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How is EtCO2 used to measure Cardiac Output?

Cardia output

Cardiac output can be predicted using an EtCO2 (capnography) monitor because they are linearly related. In other words, Cardiac Output rise with increased EtCO2 and fall with decreased EtCO2 levels. Hence, it is beneficial in critical care and operation theatre to monitor and manage patient parameters.

Cardiac output (CO) and End-tidal carbon dioxide (EtCO2) are two key physiological parameters related to circulatory and respiratory physiology.

Cardiac Output (CO):

Cardiac output is the volume of blood that the heart pumps into the systemic circulation per unit of time, typically measured in litres per minute (L/min). It used to assess cardiovascular health and function.

CO is calculated by multiplying the heart rate (HR, in beats per minute) and stroke volume (SV, the volume of blood ejected by the left ventricle with each heartbeat).

CO = HR x SV

Changes in CO can be indicative of various cardiac and circulatory conditions.

  • An increase in CO may occur in response to exercise, fever, or certain medical conditions, while a decrease in CO can be observed in conditions such as heart failure or shock.

End-tidal Carbon Dioxide (EtCO2):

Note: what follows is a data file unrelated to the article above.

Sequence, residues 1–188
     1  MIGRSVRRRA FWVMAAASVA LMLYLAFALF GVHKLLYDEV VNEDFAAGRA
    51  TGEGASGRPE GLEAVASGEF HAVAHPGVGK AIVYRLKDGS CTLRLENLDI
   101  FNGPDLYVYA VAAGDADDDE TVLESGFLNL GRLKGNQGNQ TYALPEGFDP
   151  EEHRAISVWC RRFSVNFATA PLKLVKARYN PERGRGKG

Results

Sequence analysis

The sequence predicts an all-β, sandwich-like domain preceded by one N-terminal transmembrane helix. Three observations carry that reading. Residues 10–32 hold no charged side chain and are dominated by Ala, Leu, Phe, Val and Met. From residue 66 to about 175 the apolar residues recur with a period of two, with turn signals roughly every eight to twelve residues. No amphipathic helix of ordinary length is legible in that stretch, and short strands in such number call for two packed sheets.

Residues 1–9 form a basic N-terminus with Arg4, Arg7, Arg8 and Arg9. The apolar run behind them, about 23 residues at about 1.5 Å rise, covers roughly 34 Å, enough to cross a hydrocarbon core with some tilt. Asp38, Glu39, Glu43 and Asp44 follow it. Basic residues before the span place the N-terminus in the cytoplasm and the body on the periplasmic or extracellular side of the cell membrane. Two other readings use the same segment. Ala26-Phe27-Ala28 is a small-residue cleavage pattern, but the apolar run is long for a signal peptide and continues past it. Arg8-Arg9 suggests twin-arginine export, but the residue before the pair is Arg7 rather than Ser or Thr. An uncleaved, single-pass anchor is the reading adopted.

EtCO2 represents the partial pressure of carbon dioxide (CO2) at the end of expiration during each respiratory cycle. It is measured using capnography, a non-invasive technique that monitors exhaled CO2 levels. In healthy individuals, EtCO2 is usually about 35-45 mmHg.

The relationship between Cardiac Output and EtCO2 helps in the diagnosis of a patient:

  1. Changes in CO can affect EtCO2: Increased cardiac output can enhance blood flow to the lungs, leading to increased CO2 transport to the alveoli for exhalation. This can result in a higher EtCO2 value. Conversely, a decrease in cardiac output may lead to decreased blood flow to the lungs, reducing the transport of CO2 to the alveoli and potentially resulting in a lower EtCO2 value.
  2. EtCO2 as an indicator of circulation: In conditions where cardiac output is compromised, such as in cardiac arrest or severe shock, EtCO2 levels may drop significantly because of reduced blood flow to the lungs and reduced CO2 elimination. Monitoring EtCO2 during resuscitation efforts can provide valuable information about the effectiveness of cardiopulmonary resuscitation (CPR) and the return of spontaneous circulation (ROSC).

Cardiac output & Capnography

The direct relation between EtCO2 and Cardiac Output is helpful for doctors in Operation Theatre settings while managing their patients.

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Krunal Prajapati
Krunal Prajapati
Entrepreneur | Engineer | Blogger
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